A lot of people have the Oakland Raiders selecting Sammy Watkins here, but I think the Raiders have a much bigger need for a playmaker on defense as opposed to a wide receiver. Watkins is a potential game-changer and the Raiders could use a guy like him on offense, but I think Mack is too good of a prospect to turn down. Plus, it’s not like Denarius Moore and Rod Streater are bums either, so this is also a case of going with need. Sio Moore looks solid and Kevin Burnett can ball, but the Raiders could also kick Burnett inside and play Mack as a 4-3 OLB. Moreover, Mack can also be a 4-3 DE, which is a need for the Raiders with Lamarr Houston likely departing in free agency. Like Houston, Mack has the ability to succeed as a pass rusher and run defender, and his versatility alone makes him a playmaker. When Clowney’s on the board, he’s usually the pick for the Raiders, Mack makes sense here.
6. Atlanta Falcons
OT, Texas A&M
Both Greg Robinson and Jake Matthews are so good that you could legitimately make the case for either, but I can’t put Robinson ahead of Matthews due to the A&M product’s incredible technique. Give me technique over athleticism at the tackle position any day, because it’s usually the raw prospects who bust. Robinson, of course, is more than some “raw” prospect, but Matthews’s technique puts him over the edge. I know the Falcons like Lamar Holmes‘s upside, but can you really bank on that? With Mack and Clowney off the board and Anthony Barr an overrated prospect much better off in the 3-4, I don’t see how the Falcons pass up on the third-best overall prospect in the draft.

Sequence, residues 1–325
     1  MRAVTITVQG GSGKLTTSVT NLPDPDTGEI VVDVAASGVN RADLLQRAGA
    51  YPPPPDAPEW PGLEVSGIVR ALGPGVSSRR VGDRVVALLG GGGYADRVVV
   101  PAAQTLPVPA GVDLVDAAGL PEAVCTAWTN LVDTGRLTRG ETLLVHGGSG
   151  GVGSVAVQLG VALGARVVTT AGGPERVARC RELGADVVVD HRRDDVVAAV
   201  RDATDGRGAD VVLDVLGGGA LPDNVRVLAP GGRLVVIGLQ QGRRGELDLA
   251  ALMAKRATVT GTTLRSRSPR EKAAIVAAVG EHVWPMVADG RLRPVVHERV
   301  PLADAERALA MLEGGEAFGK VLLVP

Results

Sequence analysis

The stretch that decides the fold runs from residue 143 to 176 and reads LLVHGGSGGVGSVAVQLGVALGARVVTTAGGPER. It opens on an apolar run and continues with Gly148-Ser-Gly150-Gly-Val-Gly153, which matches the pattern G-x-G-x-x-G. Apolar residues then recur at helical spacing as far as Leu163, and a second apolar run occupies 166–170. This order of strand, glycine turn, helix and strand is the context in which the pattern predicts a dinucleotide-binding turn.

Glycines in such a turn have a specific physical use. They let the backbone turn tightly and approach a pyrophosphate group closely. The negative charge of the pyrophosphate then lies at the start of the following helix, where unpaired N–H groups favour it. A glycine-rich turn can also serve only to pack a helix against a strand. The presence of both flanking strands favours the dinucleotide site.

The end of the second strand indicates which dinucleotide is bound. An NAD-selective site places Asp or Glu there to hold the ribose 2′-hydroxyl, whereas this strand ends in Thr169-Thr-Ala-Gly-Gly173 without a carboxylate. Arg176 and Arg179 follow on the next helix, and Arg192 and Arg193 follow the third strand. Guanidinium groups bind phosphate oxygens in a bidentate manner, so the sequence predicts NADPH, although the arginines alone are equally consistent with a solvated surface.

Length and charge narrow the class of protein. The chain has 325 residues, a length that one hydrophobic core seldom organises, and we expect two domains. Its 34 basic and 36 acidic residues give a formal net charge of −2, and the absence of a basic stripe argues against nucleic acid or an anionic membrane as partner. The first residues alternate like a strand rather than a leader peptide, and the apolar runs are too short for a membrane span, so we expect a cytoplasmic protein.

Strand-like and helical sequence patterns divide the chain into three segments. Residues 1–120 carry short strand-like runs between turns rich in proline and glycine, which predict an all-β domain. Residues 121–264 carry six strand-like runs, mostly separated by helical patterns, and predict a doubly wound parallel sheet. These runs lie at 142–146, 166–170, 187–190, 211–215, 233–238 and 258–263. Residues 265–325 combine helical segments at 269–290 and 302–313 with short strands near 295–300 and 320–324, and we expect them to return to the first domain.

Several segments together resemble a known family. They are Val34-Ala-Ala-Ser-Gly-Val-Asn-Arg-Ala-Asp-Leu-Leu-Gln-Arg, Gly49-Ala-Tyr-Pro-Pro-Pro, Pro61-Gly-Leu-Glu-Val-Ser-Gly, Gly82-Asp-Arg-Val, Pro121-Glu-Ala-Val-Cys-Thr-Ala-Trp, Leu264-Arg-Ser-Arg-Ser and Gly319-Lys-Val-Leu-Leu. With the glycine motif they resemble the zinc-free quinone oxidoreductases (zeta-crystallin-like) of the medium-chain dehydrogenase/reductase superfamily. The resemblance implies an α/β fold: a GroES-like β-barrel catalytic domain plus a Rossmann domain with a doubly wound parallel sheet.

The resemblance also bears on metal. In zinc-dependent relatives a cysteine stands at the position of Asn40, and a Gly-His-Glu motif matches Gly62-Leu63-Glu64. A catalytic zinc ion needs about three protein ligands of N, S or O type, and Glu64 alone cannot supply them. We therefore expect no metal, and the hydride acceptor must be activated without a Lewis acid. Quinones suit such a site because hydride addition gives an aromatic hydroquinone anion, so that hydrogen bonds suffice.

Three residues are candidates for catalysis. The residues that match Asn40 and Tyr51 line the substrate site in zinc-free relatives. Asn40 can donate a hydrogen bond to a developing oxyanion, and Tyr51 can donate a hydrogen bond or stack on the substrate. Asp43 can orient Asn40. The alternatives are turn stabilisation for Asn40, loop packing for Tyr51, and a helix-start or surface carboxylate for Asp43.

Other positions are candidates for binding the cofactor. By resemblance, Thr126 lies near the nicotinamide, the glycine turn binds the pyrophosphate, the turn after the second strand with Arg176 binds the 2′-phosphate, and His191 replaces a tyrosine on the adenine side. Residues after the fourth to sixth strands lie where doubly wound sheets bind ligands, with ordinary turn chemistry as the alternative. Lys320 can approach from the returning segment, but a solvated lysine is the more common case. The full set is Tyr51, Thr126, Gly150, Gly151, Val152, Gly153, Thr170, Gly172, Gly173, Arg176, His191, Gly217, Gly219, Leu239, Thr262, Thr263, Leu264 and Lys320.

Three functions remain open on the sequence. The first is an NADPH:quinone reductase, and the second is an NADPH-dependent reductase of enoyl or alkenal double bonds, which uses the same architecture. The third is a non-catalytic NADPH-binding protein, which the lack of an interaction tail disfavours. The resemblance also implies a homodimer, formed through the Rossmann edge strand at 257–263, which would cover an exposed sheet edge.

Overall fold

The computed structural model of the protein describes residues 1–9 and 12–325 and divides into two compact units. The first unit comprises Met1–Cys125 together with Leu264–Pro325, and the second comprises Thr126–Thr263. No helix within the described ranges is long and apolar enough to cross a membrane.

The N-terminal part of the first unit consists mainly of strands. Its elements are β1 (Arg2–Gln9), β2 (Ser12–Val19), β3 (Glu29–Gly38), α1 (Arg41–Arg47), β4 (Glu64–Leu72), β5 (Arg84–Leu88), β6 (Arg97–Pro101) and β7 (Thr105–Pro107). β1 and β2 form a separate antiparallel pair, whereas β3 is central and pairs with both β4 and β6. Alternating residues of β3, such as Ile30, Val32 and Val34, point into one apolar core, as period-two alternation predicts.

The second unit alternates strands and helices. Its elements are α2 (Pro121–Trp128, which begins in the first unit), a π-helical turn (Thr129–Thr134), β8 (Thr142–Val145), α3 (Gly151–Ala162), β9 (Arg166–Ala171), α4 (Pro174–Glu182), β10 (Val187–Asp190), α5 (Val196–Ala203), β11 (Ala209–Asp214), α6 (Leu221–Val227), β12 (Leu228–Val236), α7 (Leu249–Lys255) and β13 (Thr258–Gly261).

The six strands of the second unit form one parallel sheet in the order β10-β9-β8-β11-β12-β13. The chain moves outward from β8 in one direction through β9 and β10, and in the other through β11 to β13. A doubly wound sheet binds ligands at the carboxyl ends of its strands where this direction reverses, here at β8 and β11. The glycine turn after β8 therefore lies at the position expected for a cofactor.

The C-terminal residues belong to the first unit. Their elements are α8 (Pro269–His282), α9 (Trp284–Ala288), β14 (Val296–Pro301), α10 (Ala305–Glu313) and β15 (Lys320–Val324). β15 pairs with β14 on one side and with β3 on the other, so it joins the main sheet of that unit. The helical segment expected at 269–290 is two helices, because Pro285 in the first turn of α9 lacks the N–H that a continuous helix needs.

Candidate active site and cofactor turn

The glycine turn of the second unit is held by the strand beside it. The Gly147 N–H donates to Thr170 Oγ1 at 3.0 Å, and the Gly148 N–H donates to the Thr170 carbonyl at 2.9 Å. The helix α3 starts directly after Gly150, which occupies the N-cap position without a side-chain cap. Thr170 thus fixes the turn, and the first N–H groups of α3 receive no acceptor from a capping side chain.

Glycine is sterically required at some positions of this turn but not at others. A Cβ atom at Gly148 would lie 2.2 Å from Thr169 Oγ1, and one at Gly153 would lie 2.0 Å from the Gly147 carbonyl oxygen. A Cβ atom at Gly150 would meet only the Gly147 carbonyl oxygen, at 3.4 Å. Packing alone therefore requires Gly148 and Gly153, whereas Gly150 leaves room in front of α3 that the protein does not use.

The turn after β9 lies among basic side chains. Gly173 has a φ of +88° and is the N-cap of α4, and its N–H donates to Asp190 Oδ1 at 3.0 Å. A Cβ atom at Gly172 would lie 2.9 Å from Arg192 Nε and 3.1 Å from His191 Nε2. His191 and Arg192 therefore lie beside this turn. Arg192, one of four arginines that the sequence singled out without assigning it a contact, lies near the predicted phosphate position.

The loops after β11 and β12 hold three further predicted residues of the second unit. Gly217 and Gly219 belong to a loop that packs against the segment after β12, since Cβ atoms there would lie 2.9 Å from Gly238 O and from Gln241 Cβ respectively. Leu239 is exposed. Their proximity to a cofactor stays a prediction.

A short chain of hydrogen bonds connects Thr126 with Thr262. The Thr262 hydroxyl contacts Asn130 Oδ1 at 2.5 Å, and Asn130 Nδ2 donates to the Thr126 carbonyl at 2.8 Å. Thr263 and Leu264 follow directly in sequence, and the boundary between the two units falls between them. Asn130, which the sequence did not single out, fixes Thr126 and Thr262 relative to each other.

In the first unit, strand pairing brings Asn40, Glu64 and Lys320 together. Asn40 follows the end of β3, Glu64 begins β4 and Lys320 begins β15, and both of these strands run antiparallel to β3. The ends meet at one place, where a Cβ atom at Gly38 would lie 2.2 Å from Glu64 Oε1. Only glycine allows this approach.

7. Tampa Bay Buccaneers
The Buccaneers pretty much got shafted in this mock draft with Khalil Mack already off the board, and that makes it difficult to project their pick. I think it would be a reach for the Bucs to take Sammy Watkins, unless if the Mike Williams situation somehow deteriorates and leads to him getting released. Since I don’t anticipate that happening, I don’t anticipate WR being a need for the Bucs. Even if they do end up cutting ties with Vincent Jackson‘s WR partner, it would still be unwise for the Bucs to spend the seventh pick in the draft on a wide receiver with all the depth at the position in this draft. Seriously, they could find a great WR like Brandin Cooks in round two; this class is loaded at wideout.